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Trump exit from Paris agreement ‘disappointing’ and ‘appalling’ say UK leaders

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Donald Trump confirmed yesterday that America, the second largest emitter of greenhouse gases, would pull out of the Paris climate agreement. Image: Flickr/Gage Skidmore.

The leaders of the UK’s top political parties have condemned Donald Trump’s decision to pull the United States out of the Paris climate change agreement, with some branding the decision “appalling”.

During Wednesday night’s televised election debate, leaders and representatives from the country’s seven leading parties were asked for their response to reports that the President was to exit the global agreement to limit climate change to 2 degrees Celsius, which was confirmed yesterday.

Amber Rudd, standing in for prime minister Theresa May who opted not to attend the debate, served as energy secretary when the Paris agreement was made and expressed her disappointment in the decision.

“I am disappointed. I led the UK delegation to get that international agreement of 180 different countries pledging to that reduction and it is disappointing that the Americans are pulling out,” the home secretary said.

“But I hope we can use our relationship with President Trump and our close relationship with the US to try and influence and try to make sure that they nevertheless take the right steps.

Jeremy Corbyn, leader of the Labour party, agreed and said: “We should absolutely adhere to the Paris Climate Change agreement and we should urge the American people to press their government, their senate and their house and their President to adhere to it as well.”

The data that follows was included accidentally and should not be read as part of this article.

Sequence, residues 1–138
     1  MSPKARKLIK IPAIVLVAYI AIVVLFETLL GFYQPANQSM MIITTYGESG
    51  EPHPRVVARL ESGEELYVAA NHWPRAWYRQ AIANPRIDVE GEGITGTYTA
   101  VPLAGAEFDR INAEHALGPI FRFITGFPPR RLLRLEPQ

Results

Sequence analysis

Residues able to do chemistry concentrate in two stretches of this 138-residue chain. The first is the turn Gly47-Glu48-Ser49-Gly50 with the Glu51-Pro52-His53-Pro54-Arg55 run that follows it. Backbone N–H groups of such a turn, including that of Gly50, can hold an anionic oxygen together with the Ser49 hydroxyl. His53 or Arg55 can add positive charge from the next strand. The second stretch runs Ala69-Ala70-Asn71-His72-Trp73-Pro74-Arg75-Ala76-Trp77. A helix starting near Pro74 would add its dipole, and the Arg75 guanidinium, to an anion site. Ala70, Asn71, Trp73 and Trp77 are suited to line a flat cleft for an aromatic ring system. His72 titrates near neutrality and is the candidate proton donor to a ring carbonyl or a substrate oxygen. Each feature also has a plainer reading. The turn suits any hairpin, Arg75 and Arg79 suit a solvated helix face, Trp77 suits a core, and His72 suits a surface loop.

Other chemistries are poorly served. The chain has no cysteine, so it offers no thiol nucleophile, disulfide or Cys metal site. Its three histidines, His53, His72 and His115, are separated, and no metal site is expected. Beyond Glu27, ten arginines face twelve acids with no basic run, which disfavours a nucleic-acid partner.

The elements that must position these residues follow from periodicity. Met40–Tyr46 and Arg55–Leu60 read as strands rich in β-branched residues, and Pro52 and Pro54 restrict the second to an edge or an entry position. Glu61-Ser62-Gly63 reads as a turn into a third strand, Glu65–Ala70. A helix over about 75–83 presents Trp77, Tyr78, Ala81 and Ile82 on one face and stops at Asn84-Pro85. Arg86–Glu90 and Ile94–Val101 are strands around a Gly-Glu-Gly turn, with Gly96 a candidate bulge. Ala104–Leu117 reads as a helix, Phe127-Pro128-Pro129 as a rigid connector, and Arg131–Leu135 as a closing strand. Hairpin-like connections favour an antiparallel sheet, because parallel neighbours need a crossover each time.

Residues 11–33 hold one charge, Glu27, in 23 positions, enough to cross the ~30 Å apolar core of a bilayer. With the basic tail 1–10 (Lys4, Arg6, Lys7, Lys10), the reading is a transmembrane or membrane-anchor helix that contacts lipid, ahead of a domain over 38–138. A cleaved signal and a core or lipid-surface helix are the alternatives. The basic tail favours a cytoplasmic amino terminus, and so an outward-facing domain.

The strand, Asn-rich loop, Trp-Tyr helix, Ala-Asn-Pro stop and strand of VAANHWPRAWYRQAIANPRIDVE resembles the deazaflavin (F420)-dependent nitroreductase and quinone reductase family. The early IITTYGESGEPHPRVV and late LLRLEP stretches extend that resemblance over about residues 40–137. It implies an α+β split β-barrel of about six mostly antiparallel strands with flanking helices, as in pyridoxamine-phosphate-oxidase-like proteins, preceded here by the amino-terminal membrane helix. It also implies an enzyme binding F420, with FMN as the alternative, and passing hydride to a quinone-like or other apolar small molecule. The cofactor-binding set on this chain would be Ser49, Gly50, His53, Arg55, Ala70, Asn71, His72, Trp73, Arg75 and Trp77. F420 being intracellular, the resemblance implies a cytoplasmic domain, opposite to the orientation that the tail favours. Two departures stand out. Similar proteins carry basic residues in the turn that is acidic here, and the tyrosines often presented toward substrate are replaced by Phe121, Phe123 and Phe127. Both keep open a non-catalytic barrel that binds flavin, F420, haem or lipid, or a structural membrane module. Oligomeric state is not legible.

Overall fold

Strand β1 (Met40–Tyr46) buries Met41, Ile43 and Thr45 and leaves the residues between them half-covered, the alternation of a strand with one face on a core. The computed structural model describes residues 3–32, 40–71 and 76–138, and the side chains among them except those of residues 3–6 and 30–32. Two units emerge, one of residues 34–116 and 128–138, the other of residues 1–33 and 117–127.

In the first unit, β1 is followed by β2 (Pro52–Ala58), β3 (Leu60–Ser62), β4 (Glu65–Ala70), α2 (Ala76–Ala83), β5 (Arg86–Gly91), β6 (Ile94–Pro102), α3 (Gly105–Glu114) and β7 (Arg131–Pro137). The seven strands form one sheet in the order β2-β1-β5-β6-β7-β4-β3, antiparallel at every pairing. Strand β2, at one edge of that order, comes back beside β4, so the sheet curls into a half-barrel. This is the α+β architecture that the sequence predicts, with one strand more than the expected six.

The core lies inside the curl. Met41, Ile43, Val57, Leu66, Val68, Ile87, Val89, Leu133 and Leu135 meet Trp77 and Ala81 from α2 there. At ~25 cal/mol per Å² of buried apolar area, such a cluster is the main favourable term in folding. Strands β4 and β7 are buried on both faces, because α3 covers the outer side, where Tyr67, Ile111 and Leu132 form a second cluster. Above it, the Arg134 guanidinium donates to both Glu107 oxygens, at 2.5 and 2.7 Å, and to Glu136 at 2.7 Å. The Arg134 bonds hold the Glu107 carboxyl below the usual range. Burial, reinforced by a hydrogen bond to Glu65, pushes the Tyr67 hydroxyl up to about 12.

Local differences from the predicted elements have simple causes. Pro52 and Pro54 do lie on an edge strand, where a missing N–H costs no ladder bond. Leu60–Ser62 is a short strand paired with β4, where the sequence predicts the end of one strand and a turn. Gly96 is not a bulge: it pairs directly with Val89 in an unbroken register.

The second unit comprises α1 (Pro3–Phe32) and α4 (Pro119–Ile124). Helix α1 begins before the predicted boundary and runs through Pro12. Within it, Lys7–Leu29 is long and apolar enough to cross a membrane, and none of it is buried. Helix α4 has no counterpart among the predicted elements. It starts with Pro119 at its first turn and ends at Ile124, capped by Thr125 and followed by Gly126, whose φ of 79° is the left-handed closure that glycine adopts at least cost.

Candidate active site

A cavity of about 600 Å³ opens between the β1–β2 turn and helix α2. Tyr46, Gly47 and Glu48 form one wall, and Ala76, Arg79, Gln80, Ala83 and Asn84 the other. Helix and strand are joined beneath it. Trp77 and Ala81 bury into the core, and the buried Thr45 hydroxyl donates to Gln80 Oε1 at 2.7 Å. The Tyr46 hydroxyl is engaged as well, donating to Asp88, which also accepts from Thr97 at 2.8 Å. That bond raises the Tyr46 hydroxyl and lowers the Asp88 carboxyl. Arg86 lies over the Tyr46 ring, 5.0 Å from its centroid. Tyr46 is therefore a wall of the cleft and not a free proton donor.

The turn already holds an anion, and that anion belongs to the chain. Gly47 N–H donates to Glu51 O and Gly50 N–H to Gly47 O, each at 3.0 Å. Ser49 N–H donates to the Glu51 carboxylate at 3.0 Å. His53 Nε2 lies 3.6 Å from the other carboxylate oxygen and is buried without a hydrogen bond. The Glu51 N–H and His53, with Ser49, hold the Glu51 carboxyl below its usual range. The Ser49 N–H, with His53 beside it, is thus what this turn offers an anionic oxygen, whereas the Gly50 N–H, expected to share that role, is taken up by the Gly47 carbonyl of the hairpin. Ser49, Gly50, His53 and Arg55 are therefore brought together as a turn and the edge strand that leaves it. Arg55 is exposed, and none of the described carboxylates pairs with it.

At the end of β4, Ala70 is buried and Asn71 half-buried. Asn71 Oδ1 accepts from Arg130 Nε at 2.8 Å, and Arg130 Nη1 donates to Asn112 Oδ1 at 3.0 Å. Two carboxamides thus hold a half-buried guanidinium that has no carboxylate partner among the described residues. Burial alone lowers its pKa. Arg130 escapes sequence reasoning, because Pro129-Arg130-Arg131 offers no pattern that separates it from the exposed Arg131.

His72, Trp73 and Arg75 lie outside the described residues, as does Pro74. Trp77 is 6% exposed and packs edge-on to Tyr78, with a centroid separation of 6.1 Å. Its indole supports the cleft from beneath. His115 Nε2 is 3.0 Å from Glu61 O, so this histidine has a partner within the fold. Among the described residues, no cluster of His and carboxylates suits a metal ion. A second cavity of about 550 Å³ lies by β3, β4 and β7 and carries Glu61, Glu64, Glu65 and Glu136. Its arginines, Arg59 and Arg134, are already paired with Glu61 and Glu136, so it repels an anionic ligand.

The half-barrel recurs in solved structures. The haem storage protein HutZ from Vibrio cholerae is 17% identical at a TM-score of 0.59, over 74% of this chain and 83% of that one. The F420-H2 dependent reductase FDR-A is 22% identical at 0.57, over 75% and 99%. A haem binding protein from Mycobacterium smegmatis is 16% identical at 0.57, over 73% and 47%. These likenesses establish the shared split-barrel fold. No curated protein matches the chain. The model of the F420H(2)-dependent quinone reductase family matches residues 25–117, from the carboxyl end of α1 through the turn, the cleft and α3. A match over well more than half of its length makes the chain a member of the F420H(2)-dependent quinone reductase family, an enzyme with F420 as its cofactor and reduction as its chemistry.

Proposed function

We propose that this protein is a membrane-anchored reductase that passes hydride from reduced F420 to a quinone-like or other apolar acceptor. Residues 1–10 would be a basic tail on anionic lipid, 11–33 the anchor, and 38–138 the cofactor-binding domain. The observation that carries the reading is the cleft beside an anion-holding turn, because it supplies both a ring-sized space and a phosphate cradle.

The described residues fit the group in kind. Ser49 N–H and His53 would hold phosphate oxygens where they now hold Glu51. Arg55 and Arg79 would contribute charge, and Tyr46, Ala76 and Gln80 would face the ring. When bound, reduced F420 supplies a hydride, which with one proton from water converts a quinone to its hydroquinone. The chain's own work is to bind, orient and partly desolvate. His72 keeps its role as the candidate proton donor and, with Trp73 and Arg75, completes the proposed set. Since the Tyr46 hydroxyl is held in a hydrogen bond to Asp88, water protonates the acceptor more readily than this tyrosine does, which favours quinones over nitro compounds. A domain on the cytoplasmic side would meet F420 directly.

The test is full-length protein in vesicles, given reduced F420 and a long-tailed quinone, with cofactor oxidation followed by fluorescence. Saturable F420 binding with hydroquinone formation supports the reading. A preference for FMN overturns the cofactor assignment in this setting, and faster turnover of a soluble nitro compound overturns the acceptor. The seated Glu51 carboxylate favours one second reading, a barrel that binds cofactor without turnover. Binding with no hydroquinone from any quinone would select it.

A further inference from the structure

However Angus Robertson, representing the Scottish National Party as its leader in Westminster, said: “I’m more than disappointed, I’m appalled that president Trump has walked away from a global approach to one of the biggest challenges we face at home and abroad. He’s walked away from having a multi-lateral approach, working with other countries to deal with serious problems.”

He added that May had been unable to influence Trump not to take “this disastrous step” when she visited the president in January and questioned her commitment to climate change action.

Leanne Wood, leader of Plaid Cymru, said the decision was tantamount to “terrible leadership on behalf of Donald Trump” but added that it was to be expected.

“It’s no surprise either, he was very clear in his election campaign what it was he would be about in terms of climate change and he is sticking to his line. But he is wrong, and the world needs to tell him he is wrong,” she said.

However Paul Nuttall, leader of the UKIP, said Trump was “putting America first” by attempting to “protect the American economy” and Rust Belt jobs.

Caroline Lucas, co-leader of the Green Party, said that the decision would prove to be a poor economic choice as “the economics behind renewables is already such that we know that renewables are going to be cheaper than the fossil fuels that they already replace”.


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